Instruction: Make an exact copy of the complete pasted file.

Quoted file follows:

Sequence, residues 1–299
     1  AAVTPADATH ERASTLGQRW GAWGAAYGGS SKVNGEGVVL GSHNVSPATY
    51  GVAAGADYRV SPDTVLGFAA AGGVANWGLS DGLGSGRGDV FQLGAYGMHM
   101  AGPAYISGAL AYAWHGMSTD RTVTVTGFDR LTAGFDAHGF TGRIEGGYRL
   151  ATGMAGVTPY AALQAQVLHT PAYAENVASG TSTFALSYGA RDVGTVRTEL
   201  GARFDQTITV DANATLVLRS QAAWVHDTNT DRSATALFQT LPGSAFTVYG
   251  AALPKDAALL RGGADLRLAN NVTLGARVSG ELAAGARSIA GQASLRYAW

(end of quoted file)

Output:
Sequence, residues 1–299
     1  AAVTPADATH ERASTLGQRW GAWGAAYGGS SKVNGEGVVL GSHNVSPATY
    51  GVAAGADYRV SPDTVLGFAA AGGVANWGLS DGLGSGRGDV FQLGAYGMHM
   101  AGPAYISGAL AYAWHGMSTD RTVTVTGFDR LTAGFDAHGF TGRIEGGYRL
   151  ATGMAGVTPY AALQAQVLHT PAYAENVASG TSTFALSYGA RDVGTVRTEL
   201  GARFDQTITV DANATLVLRS QAAWVHDTNT DRSATALFQT LPGSAFTVYG
   251  AALPKDAALL RGGADLRLAN NVTLGARVSG ELAAGARSIA GQASLRYAW